Alice Lowe has been touring the country with preview screenings of Prevenge, including Chapter Arts Cardiff on January 24th. Hailing from the Midlands and having starred in comedies such as Garth Marenghi’s Darkplace, Hot Fuzz and Sightseers, Alice Lowe is an artist whose work I have always followed. Prevenge is the first feature film Lowe has directed, filmed over eleven days in Cardiff, and it is fair to say you won’t have seen anything like it before.
Ruth (Alice Lowe) is our protagonist. Her husband, and soon-to-be father of her baby, has been killed in a climbing ‘accident’. Prevenge begins under tragic circumstances with a bitter edge that becomes increasingly apparent, as Ruth and her unborn daughter crave vengeance. The setting is bleak, yet the cinematography is beautiful, and Lowe’s trademark sharp wit sends ripples of guilty laughter through the audience. Although this film will certainly satisfy fans of slasher horror, revenge movies and dark comedies, there is something else about Prevenge that makes it particularly unsettling. Yes, it is gory. Not your usual dimly lit hallways, full-moon horror, but a far more vulnerable, open-air, broad-daylight violence.
Though relatively short for a feature film, an impressive amount of action is compressed within its 90-or-so minutes. And not only this, Lowe’s aptitude for character development still takes precedence. Ruth and baby’s victims are often given limited screen time, yet audiences are given a well-rounded picture of who each of these people are and what they represent. We get an idea of their attitudes and personality traits deemed to be negative, thus meaning that their killings have particular comedic impact. And the faces of Ruth’s victims are recognisable, including the likes of Mike Wozniak, Tom Meeten and Dan Skinner.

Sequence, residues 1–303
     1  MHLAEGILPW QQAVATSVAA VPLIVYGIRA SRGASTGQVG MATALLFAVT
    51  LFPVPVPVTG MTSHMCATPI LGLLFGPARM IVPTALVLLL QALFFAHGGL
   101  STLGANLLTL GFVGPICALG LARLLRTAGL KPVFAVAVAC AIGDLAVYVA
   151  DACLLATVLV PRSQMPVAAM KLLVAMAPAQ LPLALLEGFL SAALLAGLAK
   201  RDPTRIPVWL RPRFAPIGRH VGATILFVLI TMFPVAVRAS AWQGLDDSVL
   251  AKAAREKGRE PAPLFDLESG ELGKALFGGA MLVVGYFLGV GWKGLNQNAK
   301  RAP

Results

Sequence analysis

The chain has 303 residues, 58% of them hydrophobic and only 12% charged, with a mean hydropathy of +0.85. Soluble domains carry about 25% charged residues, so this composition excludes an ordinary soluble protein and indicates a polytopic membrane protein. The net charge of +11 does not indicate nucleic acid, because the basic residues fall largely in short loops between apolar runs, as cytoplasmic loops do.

The Q&A session after the screening proved valuable in aiding the audience’s understanding of the key issues of the film and artistic decisions in production. Alice herself is very astute in her creative thinking, as well as being relentlessly humble. She explains how she came up with the idea for Prevenge whilst six months pregnant, wrote the script in a matter of days and then, within a couple of months, they were filming.
An interesting discussion point that Alice raises following this regards Ruth’s antenatal nurse (played by This Is England and David Brent: Life on the Road‘s Jo Hartley), in that she is the only genuinely constant kind person who has Ruth’s interests at heart. Lowe makes it abundantly clear that worrying about whether audiences will like Ruth was never an item on her agenda, and it is empowering to hear her say this. The interesting thing, however, is that we do like Ruth, despite her sarcasm, callousness and brutality. We can each see an element of our own psyche within Ruth. Hearing Lowe’s perspective on various aspects of Prevenge‘s writing and production gives viewers much to think about. Audiences are left wondering who, or what, is the true source of our discomfort; is it Ruth’s actions or the fact they almost seem justified? Is Ruth alone or is she stifled? Is this baby an embodiment of innocence, or evil?
This film is an artistic triumph: an independent production that is definitely worth supporting. Prevenge will be returning to Chapter Arts Cardiff, as well as other cinemas across the UK, later this month.